How Activating A Corporate Brand Kickstarts Radical Innovation

A brand promise, messages, and definitions about what is on and off brand provide limits within which creativity can thrive.

Co-authored by Torben Valsted

We (Sunnie and Torben) come from different perspectives: Sunnie is an ardent student of radical innovation, and Torben in brands. We combined our expertise to reach a point of confluence for these important topics. A brand can serve as a powerful instrument for companies to generate radical innovation in two ways: to provide constraints that are necessary for creativity and to create social cohesion that enables learning.

A Brand as a Constraint for Creativity

Constraints stimulate creativity[1]. In a world that is changing quickly and becoming increasingly unpredictable, problems are often not well-defined and no pre-existing solutions are available to serve as a starting point. In this situation, our brain can’t produce “preinventive structures” that serve as a precursor to the final innovative product[2]. A creative process involves cycling between exploration and exploitation, with each iteration adding more towards the final product. In such situations introducing constraints can actually improve the creative process by providing raw materials to start the exploration cycle.

A Brand as a Vehicle to Build Cohesion

Radical innovation requires iterative learning, and learning is inherently social in nature (people learn on the job and from each other). Strong team cohesion contributes to the team members’ ability to learn. A brand can serve as a powerful instrument to build cohesion in a team.

The kind of leaders who are successful in leading organizations in these unpredictable times—whom Sunnie calls Quantum Leaders—often reiterate team and company goals, strategies, and brand promise so the team is clear on the direction they need to go. They clearly define what is on-brand and off-brand. They use the brand promise as a rallying cry, a common goal for everyone to march towards. Most importantly—and this is where the majority of companies fail—they ensure customers experience the brand consistently across geography, over time, and spanning the entire customer-experience spectrum.

When what the customer experiences is consistent with the brand promise communicated in the form of advertising and marketing (messaging), the customer experiences the brand as authentic and feels safe engaging with it. If you are an airline company and your brand promise is “fun,” every aspect of your company must consistently communicate fun in all touch points as well as internal departments. The customer experience from this culture is fundamentally different than one coming from a funny safety video from a stodgy company, which comes across as inauthentic, i.e. unsafe. Everyone in the organization must live and breathe the brand promise, or it never becomes salient enough to be translated into an authentic brand experience for customers.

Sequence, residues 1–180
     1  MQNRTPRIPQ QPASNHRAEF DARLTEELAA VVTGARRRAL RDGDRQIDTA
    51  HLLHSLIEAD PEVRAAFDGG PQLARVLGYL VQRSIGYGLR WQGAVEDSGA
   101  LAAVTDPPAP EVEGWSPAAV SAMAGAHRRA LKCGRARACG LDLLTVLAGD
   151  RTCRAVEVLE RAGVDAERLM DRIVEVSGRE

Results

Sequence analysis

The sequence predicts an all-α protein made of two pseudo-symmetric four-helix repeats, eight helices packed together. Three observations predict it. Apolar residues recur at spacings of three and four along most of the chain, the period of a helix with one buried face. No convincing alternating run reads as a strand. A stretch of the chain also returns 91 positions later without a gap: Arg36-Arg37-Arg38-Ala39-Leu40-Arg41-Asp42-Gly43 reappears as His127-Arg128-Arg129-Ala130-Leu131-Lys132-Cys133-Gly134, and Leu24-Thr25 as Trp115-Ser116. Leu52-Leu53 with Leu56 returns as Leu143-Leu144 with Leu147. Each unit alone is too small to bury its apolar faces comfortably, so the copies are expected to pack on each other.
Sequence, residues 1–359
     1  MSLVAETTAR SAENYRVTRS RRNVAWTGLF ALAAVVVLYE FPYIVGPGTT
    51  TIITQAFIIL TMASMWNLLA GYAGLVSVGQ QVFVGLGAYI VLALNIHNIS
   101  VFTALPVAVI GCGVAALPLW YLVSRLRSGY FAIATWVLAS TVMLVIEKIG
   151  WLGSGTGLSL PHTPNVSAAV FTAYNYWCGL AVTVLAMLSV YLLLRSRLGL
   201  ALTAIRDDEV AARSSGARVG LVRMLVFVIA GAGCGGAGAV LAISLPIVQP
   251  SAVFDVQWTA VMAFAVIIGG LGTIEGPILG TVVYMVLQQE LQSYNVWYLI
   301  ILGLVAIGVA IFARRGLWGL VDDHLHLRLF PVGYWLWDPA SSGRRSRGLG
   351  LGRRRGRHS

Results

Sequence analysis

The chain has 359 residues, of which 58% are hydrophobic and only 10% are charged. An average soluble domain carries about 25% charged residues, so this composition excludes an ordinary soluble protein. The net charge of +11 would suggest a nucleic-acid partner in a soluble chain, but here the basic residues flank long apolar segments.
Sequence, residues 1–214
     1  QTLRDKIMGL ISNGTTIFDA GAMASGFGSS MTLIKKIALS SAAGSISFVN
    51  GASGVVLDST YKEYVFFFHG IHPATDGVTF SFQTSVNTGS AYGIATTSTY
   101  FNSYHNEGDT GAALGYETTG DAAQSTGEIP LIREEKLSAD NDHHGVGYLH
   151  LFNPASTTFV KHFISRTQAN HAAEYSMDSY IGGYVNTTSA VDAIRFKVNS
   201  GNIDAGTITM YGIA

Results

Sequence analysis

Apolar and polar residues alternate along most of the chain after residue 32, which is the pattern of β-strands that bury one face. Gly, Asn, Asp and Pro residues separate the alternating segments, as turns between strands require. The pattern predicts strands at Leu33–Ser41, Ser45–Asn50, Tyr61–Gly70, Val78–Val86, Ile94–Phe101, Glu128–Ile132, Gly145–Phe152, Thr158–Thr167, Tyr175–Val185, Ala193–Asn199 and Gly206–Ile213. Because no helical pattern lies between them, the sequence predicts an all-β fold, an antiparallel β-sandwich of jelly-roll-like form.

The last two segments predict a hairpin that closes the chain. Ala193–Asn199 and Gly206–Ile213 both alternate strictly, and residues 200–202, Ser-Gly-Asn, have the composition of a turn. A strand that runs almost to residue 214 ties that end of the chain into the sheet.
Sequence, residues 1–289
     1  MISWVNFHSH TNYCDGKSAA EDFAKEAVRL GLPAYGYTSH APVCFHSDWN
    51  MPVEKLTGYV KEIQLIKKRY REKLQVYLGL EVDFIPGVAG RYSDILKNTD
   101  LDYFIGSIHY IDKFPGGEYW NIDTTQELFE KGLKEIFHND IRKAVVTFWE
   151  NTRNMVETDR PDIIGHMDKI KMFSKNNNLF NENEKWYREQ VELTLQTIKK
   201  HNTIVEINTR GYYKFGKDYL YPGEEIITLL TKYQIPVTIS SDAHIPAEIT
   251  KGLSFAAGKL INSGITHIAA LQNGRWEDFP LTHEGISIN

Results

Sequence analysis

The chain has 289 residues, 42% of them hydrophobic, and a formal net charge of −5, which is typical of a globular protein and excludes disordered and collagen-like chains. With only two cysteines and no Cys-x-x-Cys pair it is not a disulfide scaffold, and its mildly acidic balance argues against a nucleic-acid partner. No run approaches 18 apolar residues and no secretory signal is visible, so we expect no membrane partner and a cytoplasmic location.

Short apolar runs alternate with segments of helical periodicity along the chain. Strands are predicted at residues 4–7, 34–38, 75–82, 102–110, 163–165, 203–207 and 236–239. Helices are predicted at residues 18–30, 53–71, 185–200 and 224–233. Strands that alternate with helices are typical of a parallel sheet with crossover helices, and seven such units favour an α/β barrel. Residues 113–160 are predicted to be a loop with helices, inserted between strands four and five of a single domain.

Because of the far-reaching impact of the customer experience on the brand, this step goes far beyond the CMO. Managing the brand becomes everyone’s job. What does the HR department have to do with the brand? They are not at a customer touch point. Oh, but they have a huge impact on those who are. What kind of hiring criteria they set, what type of behavior they incentivize, and what kind of people they promote or terminate sends clear messages to the organization and sets behavioral norms, which customers experience at the touch point. When the entire organization is passionate about keeping the brand promise, it creates team cohesion and connection, an optimal environment for learning. Radical innovation is a result of iterative learning, which means connection and learning are required for radical innovation.


In the early 70’s, Jeff Johnson had a dream that forever changed the sporting industry. Jeff was the first employee hired by Phil Knight and Bill Bowerman, and his dream about the Greek Goddess of victory, “Nike,” led to the naming of the world’s leading sports brand. The aspirational slogan “Just do it” will always stand for the inspiration we feel for a “race” without a finish line. The Nike brand-minded leadership, now heralded by Mark Parker, is a force of its own, and employees breathe the essence of “Just do it” every day. 

Brand as an Instrument for Radical Innovation

A brand promise, messages, and definitions about what is on and off brand provide limits within which creativity can thrive. A brand can also provide cohesive, consistent direction for everyone to follow, which creates a sense of connection and a safe environment for learning. These conditions are necessary for companies to spawn radical innovation. Marketing leaders can use these principles to drive the agenda for radical innovation.

[1] Stokes, Patricia D. Creativity from constraints: The psychology of breakthrough. Springer Publishing Company, 2005.

[2] Moreau, C. Page, and Darren W. Dahl. "Designing the solution: The impact of constraints on consumers' creativity." Journal of Consumer Research 32.1 (2005): 13-22.